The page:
Named after the forgettable Rogers and Hammerstein opretta, our next drink was reportedly created by Thomas Buttery, head barman of London’s Berkeley Hotel, and has the distinction of being named the “World Finest Cocktail” in a contest in 1930. However, there is some confusion about the recipe for this drink. The Golden Dawn has two different published versions. The proportions for the drink as printed in the Cafe Royal Cocktail (1937) and UKBG Guide to Drinks (1953) state equal parts calvados, gin, orange juice, and apricot brandy. The version as printed in The New York Times and The Times (London) is slightly different, calling for larger amounts of the calvados and gin, while decreasing the orange juice and the apricot brandy. To make things even more intriguing, Charles Baker, in Jigger, Beaker and Glass (1939), lists an identical cocktail featuring equal parts calvados, gin, orange juice, and apricot brandy. Baker notes that this drink (The Aunt Emily) was the creation of Sloppy Joe, in Havana, Cuba.
Either way, this cocktail was lost to the ages of time. Which is a pity, as it is a fairly decent drink. Fruity, while still being fairly dry and sophisticated, this is one drink that stands miles above the sugar filled fruitini’s that are being served in many bars today. If only more people would turn to drinks such as these instead of vodka based alcopops.
3/4 oz Calvados
3/4 oz Gin
3/4 oz Apry
3/4 oz Orange Juice
First appearing in print in the Savoy Cocktail Book (1930), this next cocktail bucks the trend of many prohibition era cocktails by being bright, lively and fresh. And while at first it seems to be a fairly simple cocktail, the addition of a whopping 3/4 oz of bitters quickly takes simple out of the equation.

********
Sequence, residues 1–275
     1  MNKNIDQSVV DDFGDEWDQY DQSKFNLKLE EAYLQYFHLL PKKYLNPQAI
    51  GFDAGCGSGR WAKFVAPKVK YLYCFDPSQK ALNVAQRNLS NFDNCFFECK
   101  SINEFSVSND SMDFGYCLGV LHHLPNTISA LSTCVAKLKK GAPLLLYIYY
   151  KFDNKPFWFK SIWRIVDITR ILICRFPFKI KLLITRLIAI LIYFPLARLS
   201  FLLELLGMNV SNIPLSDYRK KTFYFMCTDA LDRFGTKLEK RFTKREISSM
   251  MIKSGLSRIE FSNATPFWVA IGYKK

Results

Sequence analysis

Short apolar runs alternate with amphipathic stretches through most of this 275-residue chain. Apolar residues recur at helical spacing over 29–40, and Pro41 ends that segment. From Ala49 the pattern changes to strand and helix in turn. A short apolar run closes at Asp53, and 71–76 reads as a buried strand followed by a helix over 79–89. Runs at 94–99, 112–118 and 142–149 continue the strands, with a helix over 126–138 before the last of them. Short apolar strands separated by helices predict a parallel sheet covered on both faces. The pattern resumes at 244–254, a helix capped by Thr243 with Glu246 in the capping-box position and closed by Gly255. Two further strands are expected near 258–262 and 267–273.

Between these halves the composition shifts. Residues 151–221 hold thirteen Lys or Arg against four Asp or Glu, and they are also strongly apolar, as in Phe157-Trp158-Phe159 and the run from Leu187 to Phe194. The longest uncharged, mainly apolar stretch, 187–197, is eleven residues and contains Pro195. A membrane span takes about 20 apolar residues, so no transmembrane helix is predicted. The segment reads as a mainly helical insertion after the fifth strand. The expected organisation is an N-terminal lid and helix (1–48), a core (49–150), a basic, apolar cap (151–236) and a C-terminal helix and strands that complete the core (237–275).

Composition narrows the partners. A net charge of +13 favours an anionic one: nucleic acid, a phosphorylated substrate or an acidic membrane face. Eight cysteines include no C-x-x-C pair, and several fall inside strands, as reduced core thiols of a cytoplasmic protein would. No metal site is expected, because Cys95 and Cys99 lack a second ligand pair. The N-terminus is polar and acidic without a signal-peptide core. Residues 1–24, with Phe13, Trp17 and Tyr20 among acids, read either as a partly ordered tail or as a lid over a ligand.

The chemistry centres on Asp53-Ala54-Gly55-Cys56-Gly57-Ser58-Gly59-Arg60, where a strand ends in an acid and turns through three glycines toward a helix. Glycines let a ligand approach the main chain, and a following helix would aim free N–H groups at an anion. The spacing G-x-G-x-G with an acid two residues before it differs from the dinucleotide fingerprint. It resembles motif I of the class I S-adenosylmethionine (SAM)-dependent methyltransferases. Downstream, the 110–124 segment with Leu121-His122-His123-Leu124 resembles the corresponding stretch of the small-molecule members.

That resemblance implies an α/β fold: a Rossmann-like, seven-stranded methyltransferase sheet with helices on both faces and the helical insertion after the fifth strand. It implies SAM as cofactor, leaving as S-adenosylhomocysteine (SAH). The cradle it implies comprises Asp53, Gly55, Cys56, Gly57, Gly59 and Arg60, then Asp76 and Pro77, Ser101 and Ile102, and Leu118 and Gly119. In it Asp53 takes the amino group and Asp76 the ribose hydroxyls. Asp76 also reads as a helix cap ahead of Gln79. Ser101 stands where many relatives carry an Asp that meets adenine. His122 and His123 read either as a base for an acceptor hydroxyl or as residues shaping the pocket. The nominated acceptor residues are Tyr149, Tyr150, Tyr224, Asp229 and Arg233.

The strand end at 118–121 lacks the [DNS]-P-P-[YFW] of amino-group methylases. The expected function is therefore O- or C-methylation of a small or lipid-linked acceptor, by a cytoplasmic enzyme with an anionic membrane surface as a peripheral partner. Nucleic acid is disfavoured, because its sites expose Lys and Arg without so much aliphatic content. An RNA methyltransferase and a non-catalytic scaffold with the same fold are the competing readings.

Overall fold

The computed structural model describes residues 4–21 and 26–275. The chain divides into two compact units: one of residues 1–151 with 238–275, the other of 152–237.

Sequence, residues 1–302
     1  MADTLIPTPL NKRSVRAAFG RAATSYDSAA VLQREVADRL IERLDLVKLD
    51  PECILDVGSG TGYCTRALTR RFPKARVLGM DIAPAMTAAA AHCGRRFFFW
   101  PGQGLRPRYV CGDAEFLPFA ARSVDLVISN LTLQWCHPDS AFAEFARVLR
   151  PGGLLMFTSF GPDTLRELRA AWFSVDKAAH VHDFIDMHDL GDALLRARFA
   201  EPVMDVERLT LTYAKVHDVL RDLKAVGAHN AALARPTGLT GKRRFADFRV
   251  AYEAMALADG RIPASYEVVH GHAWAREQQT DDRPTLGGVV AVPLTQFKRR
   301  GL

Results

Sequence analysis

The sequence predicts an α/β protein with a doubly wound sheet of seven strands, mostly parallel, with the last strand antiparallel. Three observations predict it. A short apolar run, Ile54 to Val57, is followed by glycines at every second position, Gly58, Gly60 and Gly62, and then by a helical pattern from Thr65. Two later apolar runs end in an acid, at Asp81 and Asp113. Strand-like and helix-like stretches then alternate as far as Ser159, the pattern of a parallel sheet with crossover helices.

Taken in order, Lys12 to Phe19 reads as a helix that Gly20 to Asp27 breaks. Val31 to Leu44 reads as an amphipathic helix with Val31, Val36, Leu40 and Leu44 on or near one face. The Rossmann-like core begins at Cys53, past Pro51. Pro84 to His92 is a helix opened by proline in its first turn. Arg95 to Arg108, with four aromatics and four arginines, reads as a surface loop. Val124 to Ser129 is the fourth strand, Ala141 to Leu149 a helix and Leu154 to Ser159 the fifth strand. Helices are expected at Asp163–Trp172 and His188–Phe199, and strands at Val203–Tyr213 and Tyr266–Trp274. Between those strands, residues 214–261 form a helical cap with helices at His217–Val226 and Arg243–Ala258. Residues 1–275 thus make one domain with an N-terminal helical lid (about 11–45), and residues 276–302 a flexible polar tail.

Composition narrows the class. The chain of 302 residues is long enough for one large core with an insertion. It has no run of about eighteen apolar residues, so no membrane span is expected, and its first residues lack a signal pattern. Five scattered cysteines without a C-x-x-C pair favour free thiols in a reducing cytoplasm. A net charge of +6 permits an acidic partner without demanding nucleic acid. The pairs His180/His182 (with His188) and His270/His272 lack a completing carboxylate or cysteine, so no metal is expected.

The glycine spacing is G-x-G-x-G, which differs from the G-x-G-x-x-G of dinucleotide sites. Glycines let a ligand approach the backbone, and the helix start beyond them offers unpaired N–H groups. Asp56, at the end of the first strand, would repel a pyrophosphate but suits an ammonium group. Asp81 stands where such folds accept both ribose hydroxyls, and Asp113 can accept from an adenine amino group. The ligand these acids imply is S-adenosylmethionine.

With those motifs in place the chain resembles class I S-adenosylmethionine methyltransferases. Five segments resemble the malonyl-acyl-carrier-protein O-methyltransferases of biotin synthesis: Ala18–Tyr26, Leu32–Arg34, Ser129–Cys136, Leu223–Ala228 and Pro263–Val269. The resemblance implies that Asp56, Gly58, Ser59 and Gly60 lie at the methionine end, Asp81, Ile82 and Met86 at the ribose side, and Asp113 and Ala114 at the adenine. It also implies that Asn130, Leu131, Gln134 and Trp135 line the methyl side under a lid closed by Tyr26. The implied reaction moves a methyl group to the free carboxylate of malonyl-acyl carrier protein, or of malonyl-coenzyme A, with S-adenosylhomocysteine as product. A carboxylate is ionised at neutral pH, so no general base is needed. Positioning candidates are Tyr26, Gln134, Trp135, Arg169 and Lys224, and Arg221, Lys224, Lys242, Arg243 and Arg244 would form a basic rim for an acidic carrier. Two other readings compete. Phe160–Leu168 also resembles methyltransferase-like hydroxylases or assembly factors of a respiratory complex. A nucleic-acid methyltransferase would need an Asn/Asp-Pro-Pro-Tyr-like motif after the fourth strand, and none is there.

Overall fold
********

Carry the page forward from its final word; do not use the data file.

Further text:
Utilizing Calvados as a base spirit, this drink is light and refreshing without being overly sweet. The extra helping of bitters actually work splendidly, creating a fantastic balance. Cheers!
The Calvados Cocktail
1 1/2 oz Calvados
1 1/2 oz Orange Juice
3/4 oz Cointreau
3/4 oz Orange Bitters
Dry Fly is a distillery that seems to be bound and determined to push the envelope while still retaining the highest standards possible. Every product they have released has been distilled to a fantastic level of quality, while breaking out of the molds that most seem bound and determined to stay in. They have a vodka that is not flavorless, a gin that includes hops and apple in the botanicals, and a whiskey made from winter wheat.
This last weekend marked the Seattle release of Dry Fly’s newest product, a 101 proof Bourbon distilled from corn, unmalted wheat, and barley, and as luck would have it, I happened to be driving though Seattle right as it went on sale. Unfortunately for those who were not in Seattle or Spokane for the releases, all 480 bottles were sold within hours, and I am told that the next release is not until late next year. But, back to the bourbon.
This is not your average bourbon, perhaps having more in common with your great-great-grandpappy’s bourbon. Aged for only three years, this golden liquid is bold and in your face. The aromas are packed with spices and a faint oakiness. On the tongue, you get big sweet flavors of caramel and vanilla, the alcohol hiding in the fringes, despite the hefty proof. The flavors fade out with a long spicy finish laced with cinnamon and oak. All in all, a fantastic bourbon that will only continue to improve with age. Cheers to Don, Kent, Patrick, and the whole Dry Fly family for another fantastic product!
Today the first bottle of Dry Fly Bourbon ever produced, sold at an eBay charity auction benefiting the Spokane chapter of Ronald McDonald House Charities for $2650!